It can be hard to get happy customers to write local business reviews online. It doesn’t have to do with the use of technology, but rather with the approach you take to land a review. While there are plenty of technical ways to prompt a review: from offering QR codes for smartphones to directing customers to Google, ultimately the client themselves has to do the review. That means that no matter how many technical options there are, you must still do the work to encourage customers to take the time to leave a review. It can help to think of landing a review as a type of sales funnel, like the one used to convert a prospect to a loyal client. In this approach, the funnel is a way to convert happy customers into online spokespeople, through creating offers that bypass objections to getting it done in the first place.

How to Close the Gap

To make the process go more smoothly, you can set up a path that guides clients through the steps necessary to leave a review. Any business owner can follow these 6 steps to get started right away:

Identify Your Target Clients

The same way you would identify your ideal prospect, you can also identify your most enthusiastic and happy existing customers. These are the people most likely to give a positive review. He or she can find these online, through their social network profiles, or through interaction with them on a day-to-day basis.

Identify Review Sites

As a business owner, you want to have reviews on sites like Google+, however it requires that the reviewer have a Google account. So, you should also pick alternate sites for those customers without a Gmail account so that they can still post a positive review.

Provide a Written Guidance for a Review

People who want to leave a good review, but are shy with their words, can be encouraged by reading examples of other testimonials left by happy customers. Also, give people step-by-step instructions on how to leave a review.

Always Ask for the Review

You can do this through an email campaign, on your business cards, or as part of a sales receipt. You can also ask for reviews at events, as part of your promotional activities. The more people that a you ask, the more likely you’ll end up with multiple, positive, reviews online.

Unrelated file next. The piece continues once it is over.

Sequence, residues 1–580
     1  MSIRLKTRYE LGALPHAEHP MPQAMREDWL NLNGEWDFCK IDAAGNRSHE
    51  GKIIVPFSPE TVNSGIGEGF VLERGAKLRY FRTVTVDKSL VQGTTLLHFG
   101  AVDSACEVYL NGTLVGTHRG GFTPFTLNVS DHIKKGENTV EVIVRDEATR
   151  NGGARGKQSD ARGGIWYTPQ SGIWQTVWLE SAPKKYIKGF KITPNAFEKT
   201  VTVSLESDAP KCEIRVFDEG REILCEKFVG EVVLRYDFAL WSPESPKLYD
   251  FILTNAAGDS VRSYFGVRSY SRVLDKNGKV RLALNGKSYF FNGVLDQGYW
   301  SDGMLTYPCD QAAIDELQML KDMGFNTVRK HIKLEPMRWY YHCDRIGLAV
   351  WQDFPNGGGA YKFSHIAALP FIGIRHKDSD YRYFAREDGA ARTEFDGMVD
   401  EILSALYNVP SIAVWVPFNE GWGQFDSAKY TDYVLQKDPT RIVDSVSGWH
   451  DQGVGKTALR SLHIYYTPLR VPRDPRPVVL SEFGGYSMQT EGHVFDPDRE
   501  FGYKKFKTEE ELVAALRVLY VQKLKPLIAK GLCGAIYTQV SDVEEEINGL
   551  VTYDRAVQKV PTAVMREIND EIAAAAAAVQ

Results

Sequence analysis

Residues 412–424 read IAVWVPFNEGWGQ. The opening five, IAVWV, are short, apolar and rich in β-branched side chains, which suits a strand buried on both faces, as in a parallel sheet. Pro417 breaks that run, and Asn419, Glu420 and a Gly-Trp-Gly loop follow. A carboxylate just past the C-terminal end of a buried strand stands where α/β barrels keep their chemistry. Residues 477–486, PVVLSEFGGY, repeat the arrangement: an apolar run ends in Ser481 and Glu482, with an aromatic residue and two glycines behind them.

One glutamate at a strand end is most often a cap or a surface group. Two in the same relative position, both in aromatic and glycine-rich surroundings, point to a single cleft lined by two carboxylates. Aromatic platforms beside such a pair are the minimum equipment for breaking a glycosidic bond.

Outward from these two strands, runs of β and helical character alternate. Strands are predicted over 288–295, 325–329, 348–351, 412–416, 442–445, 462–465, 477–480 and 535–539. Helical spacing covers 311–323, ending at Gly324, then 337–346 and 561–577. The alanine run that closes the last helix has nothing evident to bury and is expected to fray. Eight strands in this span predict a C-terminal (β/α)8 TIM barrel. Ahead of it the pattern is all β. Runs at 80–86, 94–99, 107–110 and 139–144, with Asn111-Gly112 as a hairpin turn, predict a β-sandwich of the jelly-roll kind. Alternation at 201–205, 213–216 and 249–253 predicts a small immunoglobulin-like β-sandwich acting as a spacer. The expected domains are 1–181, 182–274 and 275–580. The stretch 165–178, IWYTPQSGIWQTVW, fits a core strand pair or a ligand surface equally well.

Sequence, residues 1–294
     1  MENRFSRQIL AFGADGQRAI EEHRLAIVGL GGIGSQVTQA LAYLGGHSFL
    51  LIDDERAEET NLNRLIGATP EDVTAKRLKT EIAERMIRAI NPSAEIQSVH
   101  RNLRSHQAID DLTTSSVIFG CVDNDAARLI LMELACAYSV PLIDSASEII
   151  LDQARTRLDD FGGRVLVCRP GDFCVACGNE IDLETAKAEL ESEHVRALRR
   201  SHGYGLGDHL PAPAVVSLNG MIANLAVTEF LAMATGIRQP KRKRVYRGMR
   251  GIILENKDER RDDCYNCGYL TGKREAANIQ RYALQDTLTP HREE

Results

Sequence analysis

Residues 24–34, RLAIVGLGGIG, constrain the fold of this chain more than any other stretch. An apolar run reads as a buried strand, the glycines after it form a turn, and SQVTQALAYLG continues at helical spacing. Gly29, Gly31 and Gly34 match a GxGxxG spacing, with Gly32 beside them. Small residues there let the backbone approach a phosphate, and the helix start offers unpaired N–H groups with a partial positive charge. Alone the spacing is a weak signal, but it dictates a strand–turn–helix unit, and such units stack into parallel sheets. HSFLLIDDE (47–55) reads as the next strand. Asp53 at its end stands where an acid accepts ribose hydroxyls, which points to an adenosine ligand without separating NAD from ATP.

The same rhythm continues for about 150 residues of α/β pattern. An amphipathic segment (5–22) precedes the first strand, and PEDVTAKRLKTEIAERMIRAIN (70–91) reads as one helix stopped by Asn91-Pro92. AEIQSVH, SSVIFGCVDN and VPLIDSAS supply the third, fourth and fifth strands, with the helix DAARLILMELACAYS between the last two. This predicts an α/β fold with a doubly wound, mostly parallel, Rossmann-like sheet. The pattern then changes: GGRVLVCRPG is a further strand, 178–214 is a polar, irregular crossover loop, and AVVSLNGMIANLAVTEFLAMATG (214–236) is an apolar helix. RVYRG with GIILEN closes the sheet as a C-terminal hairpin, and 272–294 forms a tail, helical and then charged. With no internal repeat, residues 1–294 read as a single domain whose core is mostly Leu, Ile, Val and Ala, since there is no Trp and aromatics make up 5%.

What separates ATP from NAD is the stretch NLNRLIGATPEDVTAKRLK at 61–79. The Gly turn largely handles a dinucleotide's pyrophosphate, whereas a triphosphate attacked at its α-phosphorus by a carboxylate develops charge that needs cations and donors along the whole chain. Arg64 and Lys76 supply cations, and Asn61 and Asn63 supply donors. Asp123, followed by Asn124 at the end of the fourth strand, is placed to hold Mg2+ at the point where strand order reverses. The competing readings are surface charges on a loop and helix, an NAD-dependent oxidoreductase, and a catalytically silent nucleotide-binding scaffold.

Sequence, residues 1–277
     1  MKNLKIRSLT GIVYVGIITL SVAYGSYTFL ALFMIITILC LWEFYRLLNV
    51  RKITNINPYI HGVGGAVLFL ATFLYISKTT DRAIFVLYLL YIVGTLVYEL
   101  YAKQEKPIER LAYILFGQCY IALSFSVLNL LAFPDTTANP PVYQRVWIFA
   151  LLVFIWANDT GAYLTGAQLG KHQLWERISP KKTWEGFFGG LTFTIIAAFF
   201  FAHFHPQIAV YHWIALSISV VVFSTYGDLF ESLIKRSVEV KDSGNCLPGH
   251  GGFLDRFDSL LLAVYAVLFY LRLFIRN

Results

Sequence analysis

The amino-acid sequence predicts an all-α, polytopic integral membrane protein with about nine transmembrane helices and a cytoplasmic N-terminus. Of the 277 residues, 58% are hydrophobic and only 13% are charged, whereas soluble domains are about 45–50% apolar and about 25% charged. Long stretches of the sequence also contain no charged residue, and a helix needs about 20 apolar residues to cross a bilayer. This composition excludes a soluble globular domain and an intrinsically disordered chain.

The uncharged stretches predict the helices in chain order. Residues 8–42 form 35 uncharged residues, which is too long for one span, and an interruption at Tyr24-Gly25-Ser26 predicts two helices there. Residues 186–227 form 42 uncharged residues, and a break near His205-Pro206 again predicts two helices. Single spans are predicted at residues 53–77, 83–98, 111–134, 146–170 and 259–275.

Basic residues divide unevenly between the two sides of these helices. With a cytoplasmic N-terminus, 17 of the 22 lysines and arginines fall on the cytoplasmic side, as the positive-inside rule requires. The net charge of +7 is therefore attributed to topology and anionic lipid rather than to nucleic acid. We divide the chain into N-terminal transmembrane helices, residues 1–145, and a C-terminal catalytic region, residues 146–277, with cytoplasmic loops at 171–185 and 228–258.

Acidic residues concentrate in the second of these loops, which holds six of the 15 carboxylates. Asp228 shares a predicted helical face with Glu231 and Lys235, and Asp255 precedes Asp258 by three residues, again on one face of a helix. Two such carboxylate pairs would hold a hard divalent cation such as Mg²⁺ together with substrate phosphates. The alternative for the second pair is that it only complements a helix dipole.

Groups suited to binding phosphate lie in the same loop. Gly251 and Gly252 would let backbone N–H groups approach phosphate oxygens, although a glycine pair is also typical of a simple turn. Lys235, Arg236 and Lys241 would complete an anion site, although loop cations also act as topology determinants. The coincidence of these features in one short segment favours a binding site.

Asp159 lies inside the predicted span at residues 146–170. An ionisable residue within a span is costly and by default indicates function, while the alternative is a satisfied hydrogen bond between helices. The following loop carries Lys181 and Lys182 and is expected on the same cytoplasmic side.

Set Up a Review Portal on Your Business Website

Set up a portal page on your website where you link your many social profiles and local listings like Google+, Facebook and Bing. You can also include links to popular review sites, like Yelp, or trade specific review sites like Avvo or Angie’s List. This way a happy customer can go straight to that page to post a review on the sites you want to target the most.

Do Follow-Up

After a few weeks of an email campaign, if no reviews show up, you can follow-up with a gentle reminder and maybe a few key points on what can be included in an online review. Realize that not all the people who commit to doing a review will actually complete the task, so if you don’t get one don’t be too intrusive with the request. It’s a delicate balance between asking and pestering your clients to give you an online review and you should always be sensitive to this dynamic.

Why Online Reviews Improve Local Sales

It is a lot of hard work to get those reviews, but it’s well worth the extra effort.

A recent 2014 study on the impact of online reviews, conducted by the Local Consumer Review Survey, shows that 88% of people trust online reviews to influence their buying decisions.

Next time someone is looking for a pizza place or tailor shop in their area, it’s very likely they will check out an online review first on their smartphone before heading out to that local place of business. Make sure your reviews are excellent and you can guarantee more foot traffic through your doors.

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